So, how then are we to know what parts of the law are what? The civil law had to do with the day to day living of the Israelite’s. While much of it is antiquated and impossible today, a good bit of it can be a helpful guide to daily living. This would also include punishments for violations.  Despite this, we are not bound by it. Much of this shares characteristics with the ceremonial law, and I personally do not see the need for the civil category, but the Westminster Confession did, so here we are. The ceremonial law is how, in the old covenant, man reconciled to God. It contains rules for the sacrifice, offerings, the priests, etc. In a society that did not distinguish daily living from religious ceremony, the civil and ceremonial are often the same. The ceremonial law certainly contains patterns of truth (there is an alter in the temple, and an alter in heaven for example), but we are not bound by them. They are a shadow of good things to come. They share some similarity with the moral law in that they can, and do, reveal truths about God, but they differ in that they are not mandates for holiness.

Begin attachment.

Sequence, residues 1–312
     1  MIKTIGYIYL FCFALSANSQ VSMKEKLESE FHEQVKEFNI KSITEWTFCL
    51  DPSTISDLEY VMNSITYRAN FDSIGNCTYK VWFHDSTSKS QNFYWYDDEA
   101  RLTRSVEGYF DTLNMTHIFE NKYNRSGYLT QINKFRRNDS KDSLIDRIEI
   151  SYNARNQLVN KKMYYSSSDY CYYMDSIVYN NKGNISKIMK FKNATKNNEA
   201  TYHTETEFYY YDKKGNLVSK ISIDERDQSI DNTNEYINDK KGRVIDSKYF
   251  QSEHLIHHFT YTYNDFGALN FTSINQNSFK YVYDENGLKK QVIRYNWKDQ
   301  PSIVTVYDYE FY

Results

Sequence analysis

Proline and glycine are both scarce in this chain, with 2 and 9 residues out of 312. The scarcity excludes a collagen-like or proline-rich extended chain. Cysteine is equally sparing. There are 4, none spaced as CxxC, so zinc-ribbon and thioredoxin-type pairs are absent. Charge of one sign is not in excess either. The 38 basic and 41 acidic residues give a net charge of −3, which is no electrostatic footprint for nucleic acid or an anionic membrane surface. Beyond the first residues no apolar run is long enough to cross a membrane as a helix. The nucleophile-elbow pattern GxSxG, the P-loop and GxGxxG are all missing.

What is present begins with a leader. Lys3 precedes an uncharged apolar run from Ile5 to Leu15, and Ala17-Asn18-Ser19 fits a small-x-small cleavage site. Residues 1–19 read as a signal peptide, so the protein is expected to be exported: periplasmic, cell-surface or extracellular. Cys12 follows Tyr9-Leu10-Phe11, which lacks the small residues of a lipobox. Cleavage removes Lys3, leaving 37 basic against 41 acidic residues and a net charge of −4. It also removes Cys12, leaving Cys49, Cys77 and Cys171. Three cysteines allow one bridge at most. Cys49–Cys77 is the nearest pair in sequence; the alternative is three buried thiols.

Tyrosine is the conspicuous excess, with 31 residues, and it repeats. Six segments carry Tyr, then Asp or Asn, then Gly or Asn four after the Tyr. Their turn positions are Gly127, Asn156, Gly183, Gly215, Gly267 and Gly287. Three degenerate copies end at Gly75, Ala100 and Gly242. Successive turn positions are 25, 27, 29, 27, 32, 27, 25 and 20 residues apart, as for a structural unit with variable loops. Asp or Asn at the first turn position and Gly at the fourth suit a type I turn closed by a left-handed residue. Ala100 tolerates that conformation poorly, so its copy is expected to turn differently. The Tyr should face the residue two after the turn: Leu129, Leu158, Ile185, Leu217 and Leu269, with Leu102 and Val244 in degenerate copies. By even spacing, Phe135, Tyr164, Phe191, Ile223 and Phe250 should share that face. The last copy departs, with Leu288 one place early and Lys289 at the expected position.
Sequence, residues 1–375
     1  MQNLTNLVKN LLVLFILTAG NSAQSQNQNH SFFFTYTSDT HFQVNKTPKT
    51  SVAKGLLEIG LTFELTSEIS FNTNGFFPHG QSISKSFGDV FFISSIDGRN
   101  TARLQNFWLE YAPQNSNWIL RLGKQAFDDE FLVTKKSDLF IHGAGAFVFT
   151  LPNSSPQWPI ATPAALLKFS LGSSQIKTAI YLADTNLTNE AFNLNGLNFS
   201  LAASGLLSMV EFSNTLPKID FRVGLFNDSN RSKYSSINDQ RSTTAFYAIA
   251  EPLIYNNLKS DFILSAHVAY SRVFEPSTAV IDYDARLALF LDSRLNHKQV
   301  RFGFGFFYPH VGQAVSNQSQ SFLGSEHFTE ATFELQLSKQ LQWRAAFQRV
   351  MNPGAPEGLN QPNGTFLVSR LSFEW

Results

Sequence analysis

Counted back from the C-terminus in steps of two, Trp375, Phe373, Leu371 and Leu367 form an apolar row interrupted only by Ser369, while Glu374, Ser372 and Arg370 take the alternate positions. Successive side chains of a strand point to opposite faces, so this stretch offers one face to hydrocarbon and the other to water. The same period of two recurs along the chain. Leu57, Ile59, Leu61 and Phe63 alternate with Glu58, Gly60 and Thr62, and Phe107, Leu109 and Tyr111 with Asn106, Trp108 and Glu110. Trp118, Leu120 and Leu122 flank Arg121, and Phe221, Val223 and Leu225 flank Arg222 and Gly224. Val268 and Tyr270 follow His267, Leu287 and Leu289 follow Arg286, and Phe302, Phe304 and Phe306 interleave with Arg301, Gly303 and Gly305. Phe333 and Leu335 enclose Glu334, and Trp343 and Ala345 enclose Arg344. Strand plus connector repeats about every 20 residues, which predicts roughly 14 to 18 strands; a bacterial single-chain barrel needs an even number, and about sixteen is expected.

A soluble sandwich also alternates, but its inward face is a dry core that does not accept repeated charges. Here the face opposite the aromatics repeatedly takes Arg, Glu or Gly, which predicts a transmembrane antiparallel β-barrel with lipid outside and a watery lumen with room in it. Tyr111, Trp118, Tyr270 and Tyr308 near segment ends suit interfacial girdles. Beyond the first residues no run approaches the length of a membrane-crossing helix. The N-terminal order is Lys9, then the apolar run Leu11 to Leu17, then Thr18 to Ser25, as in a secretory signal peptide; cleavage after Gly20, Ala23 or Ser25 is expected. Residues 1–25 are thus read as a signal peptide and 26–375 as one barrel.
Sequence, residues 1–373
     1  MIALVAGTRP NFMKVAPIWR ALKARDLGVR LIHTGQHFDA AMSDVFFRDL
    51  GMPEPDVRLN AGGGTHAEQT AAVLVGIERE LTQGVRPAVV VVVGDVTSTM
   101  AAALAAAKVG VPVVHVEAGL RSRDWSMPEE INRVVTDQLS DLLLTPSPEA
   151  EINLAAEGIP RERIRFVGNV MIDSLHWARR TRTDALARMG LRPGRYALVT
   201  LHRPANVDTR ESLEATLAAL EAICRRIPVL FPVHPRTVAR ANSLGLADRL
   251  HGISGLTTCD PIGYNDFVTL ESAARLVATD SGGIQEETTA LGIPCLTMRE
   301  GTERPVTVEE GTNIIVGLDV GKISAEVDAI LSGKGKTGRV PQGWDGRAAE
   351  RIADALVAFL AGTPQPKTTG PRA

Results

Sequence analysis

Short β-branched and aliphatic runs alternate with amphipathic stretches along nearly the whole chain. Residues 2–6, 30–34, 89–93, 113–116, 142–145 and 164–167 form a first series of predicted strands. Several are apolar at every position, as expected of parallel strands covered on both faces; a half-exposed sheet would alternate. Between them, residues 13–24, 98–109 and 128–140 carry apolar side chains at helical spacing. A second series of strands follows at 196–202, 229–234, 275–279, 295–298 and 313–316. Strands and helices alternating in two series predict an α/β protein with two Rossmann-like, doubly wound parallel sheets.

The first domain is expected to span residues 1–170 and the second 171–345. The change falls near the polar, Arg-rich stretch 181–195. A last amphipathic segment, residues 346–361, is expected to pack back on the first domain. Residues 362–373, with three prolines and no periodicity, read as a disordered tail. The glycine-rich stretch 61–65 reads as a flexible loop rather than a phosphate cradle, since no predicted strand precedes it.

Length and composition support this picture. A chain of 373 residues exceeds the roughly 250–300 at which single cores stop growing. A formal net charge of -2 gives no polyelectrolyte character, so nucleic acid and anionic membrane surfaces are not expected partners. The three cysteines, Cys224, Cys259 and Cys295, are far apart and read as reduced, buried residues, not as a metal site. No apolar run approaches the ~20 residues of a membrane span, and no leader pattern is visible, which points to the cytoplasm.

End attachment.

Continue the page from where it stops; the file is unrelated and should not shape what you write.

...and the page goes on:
Now we come to the one that we should be focused on for the purposes of this discussion. The moral law has no expiration because it is based upon the very character of God himself.  They are the type of things that have to do with the command of God to be holy because He is holy. The two great commandments (Love of God and love of neighbor) would be a good example of this. So would not telling falsehood, or not engaging in idolatry. These are the things that, according to the Articles of religion, we are to be held accountable to.